Relationship

Perspectives on Feeling Guilty

Questions that came to us via our readers:

How do we let go of guilty feelings that keep re-emerging, in dreams and quiet times? How can we be free of unwanted old messages? How can we overcome feeling guilty in telling ourselves, “Oh God, how could I have caused such pain?” – when the consequences are still apparent but insoluble?

We will attempt to respond to these questions from different perspectives and will keep in mind that the issues addressed are multi-layered. To every perspective there is a potential “if” and “but” that could be explored further. Our input is designed to stimulate questions and discussion.

Fritz Perls said, “When you feel guilty, you actually feel resentful.” {Fritz Perls, Gestalt Therapy Verbatim, p. 168} He saw feeling guilty as retroflected anger, anger turned against ourselves. It becomes resentment and can be felt as stomach pain, for example.

We can undo this by acknowledging the resentment and releasing the anger. A familiar experience in Gestalt Therapy sessions or workshops has been to hit cushions to release anger. Releasing anger that way can lead to rehearsing and staying stuck in anger. What helps us to move on is forgiveness of ourselves and others.

Caroline Myss regards our unwillingness to forgive as a main cause for disease.

“Self-love means caring for ourselves enough to forgive people in our past so that the wounds can no longer damage us – for our wounds do not hurt the people who hurt us, they hurt only us.” {Caroline Myss, Anatomy of the Spirit, p. 204}

Family therapist Bert Hellinger says that there is “good” and “bad” forgiving. To forgive too fast may avoid resolving a conflict and cover up. Forgiving from an arrogant, superior position is also not helpful. For true reconciliation to happen the innocent not only has the right for reparation he/she also has the duty to demand it. This gives the guilty one a chance to make up. Both can keep their dignity. The innocent becomes guilty when he/she denies the guilty one the chance to make up. {Translated from: Gunthard Weber (ed.), Zweierlei Glück, p. 29}

Feeling guilty is a widely experienced foible of our society. We move through life hurting others and ourselves as well as being hurt.

Recently we had an unusual perspective on guilt being presented to us. During his last visit to Christchurch, Lama Samten from the Buddhist Monastery Karma Choeling, north of Auckland, told us that he has had difficulties understanding the exact meaning of feeling guilty. As someone who grew up in Tibet, he knows of regret, but not of feeling guilty.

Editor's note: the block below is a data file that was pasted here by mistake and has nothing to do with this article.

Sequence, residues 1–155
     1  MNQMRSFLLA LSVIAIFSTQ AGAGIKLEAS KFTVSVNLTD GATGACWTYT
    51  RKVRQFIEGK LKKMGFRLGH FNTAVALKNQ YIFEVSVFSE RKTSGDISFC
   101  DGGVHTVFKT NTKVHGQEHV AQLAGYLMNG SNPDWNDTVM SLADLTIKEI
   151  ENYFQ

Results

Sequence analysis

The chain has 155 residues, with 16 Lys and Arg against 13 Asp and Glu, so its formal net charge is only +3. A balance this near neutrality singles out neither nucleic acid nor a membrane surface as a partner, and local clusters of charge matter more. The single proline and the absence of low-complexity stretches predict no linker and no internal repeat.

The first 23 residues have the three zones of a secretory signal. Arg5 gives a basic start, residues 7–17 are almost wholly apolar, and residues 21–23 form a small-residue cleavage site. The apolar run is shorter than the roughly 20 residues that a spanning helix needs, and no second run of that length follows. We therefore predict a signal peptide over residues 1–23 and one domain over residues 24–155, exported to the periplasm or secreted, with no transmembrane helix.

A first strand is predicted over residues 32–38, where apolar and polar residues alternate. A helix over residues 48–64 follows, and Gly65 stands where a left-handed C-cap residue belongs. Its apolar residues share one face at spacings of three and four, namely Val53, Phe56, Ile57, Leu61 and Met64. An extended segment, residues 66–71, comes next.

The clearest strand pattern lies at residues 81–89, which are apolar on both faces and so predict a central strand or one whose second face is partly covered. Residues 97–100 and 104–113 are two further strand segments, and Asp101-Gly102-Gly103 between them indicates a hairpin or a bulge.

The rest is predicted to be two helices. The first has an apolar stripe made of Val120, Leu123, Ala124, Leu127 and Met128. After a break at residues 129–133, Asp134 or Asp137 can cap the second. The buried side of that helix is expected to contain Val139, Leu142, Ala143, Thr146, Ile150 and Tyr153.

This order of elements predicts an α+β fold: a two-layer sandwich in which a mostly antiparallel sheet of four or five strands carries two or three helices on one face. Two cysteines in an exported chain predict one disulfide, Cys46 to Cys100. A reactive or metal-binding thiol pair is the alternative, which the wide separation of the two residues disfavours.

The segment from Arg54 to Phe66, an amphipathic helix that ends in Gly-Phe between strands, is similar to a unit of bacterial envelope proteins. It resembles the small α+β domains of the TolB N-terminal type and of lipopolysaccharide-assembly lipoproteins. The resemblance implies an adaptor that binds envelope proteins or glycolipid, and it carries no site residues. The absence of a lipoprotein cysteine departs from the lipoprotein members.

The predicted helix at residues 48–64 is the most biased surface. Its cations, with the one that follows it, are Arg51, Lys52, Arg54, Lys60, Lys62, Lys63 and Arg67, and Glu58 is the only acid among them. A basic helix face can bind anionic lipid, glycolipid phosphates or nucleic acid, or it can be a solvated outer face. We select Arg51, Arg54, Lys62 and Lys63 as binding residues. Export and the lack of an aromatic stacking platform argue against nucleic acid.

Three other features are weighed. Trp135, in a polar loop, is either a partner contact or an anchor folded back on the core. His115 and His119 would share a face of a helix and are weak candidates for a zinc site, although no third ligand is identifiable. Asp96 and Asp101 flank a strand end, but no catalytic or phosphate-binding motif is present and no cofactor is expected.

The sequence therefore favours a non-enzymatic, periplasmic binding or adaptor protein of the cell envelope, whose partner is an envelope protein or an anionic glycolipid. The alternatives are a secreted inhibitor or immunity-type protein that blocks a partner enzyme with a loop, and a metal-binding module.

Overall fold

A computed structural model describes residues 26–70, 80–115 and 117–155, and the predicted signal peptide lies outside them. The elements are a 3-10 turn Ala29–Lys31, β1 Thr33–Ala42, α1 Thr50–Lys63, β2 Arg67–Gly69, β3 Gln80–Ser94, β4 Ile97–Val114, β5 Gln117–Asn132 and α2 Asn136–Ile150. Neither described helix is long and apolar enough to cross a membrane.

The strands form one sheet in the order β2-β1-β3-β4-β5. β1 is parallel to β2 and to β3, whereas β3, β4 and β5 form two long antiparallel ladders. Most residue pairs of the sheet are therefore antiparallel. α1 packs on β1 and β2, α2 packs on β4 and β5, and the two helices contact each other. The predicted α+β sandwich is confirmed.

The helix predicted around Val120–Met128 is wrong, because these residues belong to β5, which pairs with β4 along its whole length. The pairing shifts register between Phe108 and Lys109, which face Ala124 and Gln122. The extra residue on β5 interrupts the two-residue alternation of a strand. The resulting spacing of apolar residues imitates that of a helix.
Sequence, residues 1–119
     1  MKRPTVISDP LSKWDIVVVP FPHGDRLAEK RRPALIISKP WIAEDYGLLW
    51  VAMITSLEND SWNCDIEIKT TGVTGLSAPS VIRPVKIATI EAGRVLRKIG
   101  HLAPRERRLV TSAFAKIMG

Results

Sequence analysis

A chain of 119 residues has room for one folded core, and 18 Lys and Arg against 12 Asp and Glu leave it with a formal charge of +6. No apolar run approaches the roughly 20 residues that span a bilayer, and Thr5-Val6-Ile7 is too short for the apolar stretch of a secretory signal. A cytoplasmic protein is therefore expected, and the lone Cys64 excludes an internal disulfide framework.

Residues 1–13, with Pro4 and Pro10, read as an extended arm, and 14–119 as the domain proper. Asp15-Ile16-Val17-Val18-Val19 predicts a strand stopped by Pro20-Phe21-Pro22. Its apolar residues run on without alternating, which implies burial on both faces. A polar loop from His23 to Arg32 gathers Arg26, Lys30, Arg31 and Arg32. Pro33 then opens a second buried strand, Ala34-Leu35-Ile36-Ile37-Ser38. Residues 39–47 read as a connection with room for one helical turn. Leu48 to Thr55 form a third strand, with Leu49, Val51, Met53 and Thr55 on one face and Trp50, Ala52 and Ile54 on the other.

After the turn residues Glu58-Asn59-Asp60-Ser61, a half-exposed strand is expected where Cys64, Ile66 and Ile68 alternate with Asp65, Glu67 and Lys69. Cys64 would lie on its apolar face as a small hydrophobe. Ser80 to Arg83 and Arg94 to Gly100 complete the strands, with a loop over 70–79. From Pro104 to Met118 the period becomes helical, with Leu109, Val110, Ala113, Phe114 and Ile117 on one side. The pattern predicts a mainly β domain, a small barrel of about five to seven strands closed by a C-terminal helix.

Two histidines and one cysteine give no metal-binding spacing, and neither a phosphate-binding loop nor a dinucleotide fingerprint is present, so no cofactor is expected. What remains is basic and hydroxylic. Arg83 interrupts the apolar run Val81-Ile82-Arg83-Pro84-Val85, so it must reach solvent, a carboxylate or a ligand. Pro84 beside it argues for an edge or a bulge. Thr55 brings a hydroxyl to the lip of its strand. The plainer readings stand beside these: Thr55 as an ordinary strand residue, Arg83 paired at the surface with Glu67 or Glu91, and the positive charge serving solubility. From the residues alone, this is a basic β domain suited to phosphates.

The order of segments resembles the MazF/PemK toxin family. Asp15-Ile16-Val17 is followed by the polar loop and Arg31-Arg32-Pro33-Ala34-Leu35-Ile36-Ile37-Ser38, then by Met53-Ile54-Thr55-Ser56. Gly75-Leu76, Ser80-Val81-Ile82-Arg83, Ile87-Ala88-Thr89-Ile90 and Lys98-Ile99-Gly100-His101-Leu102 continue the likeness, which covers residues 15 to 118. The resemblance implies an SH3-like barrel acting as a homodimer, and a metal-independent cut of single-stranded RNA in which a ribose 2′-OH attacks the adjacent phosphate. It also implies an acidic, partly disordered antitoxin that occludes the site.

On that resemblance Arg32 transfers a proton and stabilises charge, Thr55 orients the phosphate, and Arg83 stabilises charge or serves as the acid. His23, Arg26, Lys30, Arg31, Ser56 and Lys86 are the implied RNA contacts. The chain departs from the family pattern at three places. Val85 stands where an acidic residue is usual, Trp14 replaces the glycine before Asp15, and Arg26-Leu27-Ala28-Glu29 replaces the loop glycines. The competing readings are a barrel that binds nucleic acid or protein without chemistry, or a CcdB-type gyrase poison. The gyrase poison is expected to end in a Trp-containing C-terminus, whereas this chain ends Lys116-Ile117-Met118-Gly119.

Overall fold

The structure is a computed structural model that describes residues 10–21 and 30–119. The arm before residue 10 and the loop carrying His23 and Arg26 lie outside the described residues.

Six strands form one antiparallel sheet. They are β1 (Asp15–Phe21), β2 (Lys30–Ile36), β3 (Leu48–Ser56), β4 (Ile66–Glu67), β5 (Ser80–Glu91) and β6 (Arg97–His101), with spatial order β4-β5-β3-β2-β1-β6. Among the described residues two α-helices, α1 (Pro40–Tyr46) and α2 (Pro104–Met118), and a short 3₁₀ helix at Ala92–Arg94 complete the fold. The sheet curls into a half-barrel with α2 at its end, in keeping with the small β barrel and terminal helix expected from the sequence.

Lama Samten suggested that feeling guilty might be based on the assumption that at the time we would have had the power or capacity to do things differently.

How about this? You feel guilty, and instead of rejecting yourself for it, you let yourself feel regret, and at the same time, develop compassion with your limits. What is there for you to learn? Let’s assume that at the time you did your very best. From the perspective and knowledge you have now you might do things differently, but at the time then, you had no other options. Our feelings are often much stronger than our mind. What is left is our opportunity to soften to feel remorse and pure grief: “I wish I had not done that” or “I wish I had done something different”.

It’s a humbling gesture, to accept our limits. It also can free us from guilt.

Regret gives us the option to make up if we hurt another person, it allows for a softening that is necessary in asking for forgiveness. When we remain stuck in feeling guilty, on the other hand, we intensify our suffering as we are unable to experience us as we are now.

Living with the consequences of actions we regret poses a tremendous challenge and opportunity for ourselves. The challenge lies in facing the grief and the suffering; the opportunity lies in developing compassion, kindness and patience towards ourselves. Seeking a resolution keeps us often trapped in wanting something different than is.

Irrespective of the fact that we think we have caused the harm or it has been done to us, we have the opportunity to feel the wound. In Pema Chödrön words: “If someone comes along and shoots an arrow into your heart, it’s fruitless to stand there and yell at the person. It would be much better to turn your attention to the fact that there’s an arrow in your heart and to relate to that wound.” {Pema Chödrön , Where you are, p. 32}

We live in a society where we treat suffering and pain as an enemy. Yet they are part of life. In befriending pain and suffering we are able to soften and deeply share the pain that is felt by so many other human beings. We are able to gain a stronger sense of clarity.